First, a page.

By the Numbers:

82%— the amount of new rental housing built in the US  as luxury priced housing according to a 2015 study commissioned by the Wall Street Journal. We are under-building housing for lower and middle income households.  *

58— the number of available affordable housing units nationwide for every 100 households earning less than 50 percent of Area Median Income. In most central city locations, the supply of affordable units was far lower.

26%— the number of eligible very-low income families who received assistance from a federal rental assistance program (such as Section 8). HUD is only able to support just over 1 in 4 eligible very low-income families.*

3.5%— the nationwide percentage rise in rents in 2015, which marked the fastest rise in nearly 30 years. *

2 million— the number of affordable rental units in the US needed to meet the need of renter households with income at 50% of AMI or less. *

The Missing Middle

Most government programs support housing for families below 60 percent of area median income, but there is an emergent need in many communities for housing that is affordable to families between 60 percent and 120 percent of median income, often called middle-income housing. In many places, inclusionary housing programs are among the only tools for creating housing that is affordable to this income group.

Common Questions

If we build more luxury housing, won’t that just free up existing units for lower income residents?

Yes: But probably not enough. It might stand to reason that development of housing—any kind of housing—would lead to lower housing prices. In most urban areas, however, the opposite occurs. Construction of new housing impacts the price or rent of existing housing in two different ways simultaneously. As the basic notion of supply and demand suggests, the addition of new units in a given housing market will inevitably put some downward pressure on the cost of existing units. But in regional housing markets, the units that become less expensive may be far out on the suburban fringe, far from jobs and opportunity.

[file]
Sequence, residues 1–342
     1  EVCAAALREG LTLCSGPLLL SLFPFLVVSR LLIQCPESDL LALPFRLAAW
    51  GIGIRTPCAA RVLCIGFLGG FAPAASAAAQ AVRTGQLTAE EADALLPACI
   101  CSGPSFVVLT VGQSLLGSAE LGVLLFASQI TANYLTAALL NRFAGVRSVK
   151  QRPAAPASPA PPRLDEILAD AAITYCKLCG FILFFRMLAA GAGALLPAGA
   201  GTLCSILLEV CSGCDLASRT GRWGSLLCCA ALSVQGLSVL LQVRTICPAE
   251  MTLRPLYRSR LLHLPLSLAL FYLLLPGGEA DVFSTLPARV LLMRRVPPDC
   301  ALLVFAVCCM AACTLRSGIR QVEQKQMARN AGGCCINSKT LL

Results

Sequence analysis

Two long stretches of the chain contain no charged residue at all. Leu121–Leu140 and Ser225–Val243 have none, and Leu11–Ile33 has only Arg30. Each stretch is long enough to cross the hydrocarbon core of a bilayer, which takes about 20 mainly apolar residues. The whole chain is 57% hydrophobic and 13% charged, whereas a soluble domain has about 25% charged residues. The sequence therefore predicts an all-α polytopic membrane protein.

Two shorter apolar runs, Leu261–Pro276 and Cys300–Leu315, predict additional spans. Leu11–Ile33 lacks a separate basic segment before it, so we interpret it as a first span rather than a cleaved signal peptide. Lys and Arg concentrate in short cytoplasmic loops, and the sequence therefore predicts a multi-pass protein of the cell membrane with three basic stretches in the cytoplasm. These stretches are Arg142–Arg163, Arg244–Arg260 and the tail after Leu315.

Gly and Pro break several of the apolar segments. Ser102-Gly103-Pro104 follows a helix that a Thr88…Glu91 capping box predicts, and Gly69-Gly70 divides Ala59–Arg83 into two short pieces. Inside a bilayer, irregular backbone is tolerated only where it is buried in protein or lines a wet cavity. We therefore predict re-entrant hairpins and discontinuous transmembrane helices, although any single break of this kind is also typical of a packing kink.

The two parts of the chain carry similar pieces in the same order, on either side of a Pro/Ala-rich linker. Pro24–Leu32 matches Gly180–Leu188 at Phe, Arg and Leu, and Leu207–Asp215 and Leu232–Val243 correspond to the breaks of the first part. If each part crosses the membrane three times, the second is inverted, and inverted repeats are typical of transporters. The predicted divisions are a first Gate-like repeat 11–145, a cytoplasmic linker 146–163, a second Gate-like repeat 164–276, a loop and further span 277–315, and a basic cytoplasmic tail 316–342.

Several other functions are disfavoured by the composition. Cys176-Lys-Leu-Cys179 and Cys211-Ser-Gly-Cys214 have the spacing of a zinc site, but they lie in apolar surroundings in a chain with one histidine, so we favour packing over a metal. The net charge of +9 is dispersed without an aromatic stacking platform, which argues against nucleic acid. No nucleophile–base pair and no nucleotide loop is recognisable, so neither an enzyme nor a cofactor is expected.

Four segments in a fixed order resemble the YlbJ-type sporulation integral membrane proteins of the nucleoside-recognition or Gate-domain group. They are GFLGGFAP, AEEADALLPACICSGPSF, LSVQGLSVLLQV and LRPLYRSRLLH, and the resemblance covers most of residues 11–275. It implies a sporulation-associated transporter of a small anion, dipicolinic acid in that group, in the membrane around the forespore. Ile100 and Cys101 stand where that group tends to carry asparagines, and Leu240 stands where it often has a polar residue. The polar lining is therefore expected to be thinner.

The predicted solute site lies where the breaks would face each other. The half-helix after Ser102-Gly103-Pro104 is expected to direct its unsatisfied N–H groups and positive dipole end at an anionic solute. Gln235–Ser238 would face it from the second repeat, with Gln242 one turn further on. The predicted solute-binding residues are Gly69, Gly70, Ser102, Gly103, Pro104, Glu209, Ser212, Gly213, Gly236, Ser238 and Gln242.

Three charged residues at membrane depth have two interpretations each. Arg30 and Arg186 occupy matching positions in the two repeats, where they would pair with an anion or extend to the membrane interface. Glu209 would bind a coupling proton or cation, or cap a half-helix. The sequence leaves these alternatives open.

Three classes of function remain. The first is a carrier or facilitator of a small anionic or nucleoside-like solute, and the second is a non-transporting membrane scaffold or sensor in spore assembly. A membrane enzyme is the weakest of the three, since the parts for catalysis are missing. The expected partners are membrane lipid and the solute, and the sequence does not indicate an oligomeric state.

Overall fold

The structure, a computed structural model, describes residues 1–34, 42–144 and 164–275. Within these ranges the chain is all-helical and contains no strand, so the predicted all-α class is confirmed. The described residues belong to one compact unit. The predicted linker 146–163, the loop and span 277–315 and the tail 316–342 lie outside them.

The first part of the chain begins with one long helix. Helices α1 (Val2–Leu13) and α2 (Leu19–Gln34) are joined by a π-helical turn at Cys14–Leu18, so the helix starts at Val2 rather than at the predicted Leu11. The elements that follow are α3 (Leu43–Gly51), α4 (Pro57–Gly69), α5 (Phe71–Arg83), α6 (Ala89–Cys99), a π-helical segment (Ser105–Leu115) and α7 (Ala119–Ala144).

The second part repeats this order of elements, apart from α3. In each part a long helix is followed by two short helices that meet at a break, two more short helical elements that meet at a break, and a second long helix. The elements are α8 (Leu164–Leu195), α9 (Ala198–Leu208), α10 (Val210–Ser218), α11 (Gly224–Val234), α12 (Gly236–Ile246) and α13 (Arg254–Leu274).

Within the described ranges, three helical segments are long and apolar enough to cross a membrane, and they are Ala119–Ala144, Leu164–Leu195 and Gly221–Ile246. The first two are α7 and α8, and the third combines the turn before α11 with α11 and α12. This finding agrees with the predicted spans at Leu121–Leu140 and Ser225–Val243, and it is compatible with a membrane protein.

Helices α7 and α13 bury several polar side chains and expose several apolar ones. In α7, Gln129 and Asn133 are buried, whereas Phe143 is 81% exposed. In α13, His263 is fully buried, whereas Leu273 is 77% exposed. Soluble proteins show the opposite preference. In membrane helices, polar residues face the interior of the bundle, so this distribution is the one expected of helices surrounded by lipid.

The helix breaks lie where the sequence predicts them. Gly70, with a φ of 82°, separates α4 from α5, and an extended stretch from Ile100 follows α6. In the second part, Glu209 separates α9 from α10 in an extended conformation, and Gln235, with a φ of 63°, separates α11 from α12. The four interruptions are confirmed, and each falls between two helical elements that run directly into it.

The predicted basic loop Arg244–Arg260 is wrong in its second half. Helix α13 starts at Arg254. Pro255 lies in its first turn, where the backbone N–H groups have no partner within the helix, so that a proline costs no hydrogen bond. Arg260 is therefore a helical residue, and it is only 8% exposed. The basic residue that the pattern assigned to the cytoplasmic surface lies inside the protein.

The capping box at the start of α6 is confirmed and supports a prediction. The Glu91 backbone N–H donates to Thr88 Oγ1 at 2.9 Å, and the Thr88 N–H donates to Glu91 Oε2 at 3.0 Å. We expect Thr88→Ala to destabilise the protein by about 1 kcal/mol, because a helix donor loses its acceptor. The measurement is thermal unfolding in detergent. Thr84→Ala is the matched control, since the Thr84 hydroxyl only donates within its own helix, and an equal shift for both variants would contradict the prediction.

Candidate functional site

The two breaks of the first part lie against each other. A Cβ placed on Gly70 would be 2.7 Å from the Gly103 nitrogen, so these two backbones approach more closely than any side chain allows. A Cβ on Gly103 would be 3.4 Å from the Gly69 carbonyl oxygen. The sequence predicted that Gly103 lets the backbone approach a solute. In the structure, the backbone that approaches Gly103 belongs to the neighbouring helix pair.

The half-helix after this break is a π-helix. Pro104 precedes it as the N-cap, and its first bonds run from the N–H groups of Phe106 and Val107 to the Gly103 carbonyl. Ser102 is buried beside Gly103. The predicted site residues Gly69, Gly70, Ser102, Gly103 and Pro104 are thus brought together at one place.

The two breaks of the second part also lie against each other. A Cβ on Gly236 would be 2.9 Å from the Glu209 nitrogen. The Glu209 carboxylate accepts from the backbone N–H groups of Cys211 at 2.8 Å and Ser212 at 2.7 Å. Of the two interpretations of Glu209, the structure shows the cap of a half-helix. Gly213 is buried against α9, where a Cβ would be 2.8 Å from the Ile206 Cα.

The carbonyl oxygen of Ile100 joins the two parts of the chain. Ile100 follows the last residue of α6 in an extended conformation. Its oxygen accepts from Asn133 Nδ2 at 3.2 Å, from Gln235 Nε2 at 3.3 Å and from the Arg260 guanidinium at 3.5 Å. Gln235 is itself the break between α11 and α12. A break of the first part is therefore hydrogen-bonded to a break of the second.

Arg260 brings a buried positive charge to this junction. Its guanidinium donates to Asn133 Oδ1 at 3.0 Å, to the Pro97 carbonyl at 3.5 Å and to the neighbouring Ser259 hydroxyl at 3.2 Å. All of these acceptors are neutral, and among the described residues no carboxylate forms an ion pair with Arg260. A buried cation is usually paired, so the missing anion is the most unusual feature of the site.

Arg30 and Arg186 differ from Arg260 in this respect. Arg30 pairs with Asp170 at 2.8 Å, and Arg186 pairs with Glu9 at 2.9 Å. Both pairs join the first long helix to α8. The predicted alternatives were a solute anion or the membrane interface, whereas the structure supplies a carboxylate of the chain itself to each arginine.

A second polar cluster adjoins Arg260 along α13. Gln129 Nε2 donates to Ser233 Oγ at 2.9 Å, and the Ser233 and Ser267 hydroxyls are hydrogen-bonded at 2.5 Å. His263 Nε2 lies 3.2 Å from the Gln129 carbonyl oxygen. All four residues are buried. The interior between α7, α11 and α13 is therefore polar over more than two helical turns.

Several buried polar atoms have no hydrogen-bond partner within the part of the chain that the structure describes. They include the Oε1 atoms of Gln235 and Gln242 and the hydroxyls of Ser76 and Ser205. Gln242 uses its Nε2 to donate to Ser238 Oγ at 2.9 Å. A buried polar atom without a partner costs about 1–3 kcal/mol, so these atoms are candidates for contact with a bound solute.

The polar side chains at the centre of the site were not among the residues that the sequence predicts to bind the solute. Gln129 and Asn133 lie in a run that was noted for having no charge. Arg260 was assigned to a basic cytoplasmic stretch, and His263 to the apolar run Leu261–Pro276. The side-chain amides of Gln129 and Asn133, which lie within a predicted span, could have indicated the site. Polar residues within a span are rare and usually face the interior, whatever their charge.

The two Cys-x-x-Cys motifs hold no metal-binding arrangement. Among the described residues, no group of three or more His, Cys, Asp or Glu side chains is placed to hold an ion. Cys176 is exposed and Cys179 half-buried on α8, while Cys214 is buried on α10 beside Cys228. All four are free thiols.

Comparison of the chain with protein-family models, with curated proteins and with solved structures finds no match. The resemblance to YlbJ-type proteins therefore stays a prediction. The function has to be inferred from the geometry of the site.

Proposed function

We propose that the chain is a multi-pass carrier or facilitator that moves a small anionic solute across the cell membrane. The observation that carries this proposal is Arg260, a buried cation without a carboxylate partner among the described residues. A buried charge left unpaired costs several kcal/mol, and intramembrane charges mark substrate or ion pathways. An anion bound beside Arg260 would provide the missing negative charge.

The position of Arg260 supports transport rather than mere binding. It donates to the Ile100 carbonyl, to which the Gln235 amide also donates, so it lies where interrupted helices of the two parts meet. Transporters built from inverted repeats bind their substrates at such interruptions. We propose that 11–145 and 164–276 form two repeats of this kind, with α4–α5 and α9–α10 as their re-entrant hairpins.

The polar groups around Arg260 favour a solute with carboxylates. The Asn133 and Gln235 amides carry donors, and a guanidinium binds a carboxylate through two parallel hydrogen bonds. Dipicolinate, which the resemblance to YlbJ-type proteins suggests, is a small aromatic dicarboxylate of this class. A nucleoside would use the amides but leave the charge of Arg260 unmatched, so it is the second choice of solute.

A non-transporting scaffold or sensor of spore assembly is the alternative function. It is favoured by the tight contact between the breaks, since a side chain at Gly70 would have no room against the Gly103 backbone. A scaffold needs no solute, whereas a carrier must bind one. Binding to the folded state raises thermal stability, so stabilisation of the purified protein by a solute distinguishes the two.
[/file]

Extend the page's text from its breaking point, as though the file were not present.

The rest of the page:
At a more local level, new development often creates upward pressure on housing costs because new housing is primarily built for higher-income residents. A 2015 study commissioned by the Wall Street Journal found that 82 percent of new rental housing in the US was luxury housing.* Not only do the new units have higher rents, but the new higher-income residents spend money in ways that create demand for more lower-wage workers in an area; this, in turn, creates more demand for housing in the area and ultimately raises housing costs.

Modest price increases in a region can translate into very acute increases in specific neighborhoods. The lower costs resulting from increased supply may be apparent only at the suburban fringe of the region, while new luxury housing may cause dramatic upswings in the price of residential real estate in central neighborhoods.


Policy Brief: Potential Dedicated Revenue Sources to Support Affordable Housing Production

This document briefly summarizes a variety of potential dedicated revenue sources to support affordable housing development, including taxes and fees, voter-approved bonds, debt and equity funds, and special purpose revenue districts. For each type, the matrix describes how the revenue source works, how it is implemented, its revenue generating potential, as well as some examples. View Policy Brief

Policy Map

PolicyMap provides a user friendly and graphical way to explore data about housing markets, the need for affordable housing, and the existing stock of affordable housing in every community. Visit PolicyMap

Paycheck to Paycheck

This tool makes it easy to compare wages and housing costs to visualize the challenge that American workers face in paying for housing. The database includes wage and housing cost data from 108 regions and 81 common occupations. Paycheck to Paycheck Tool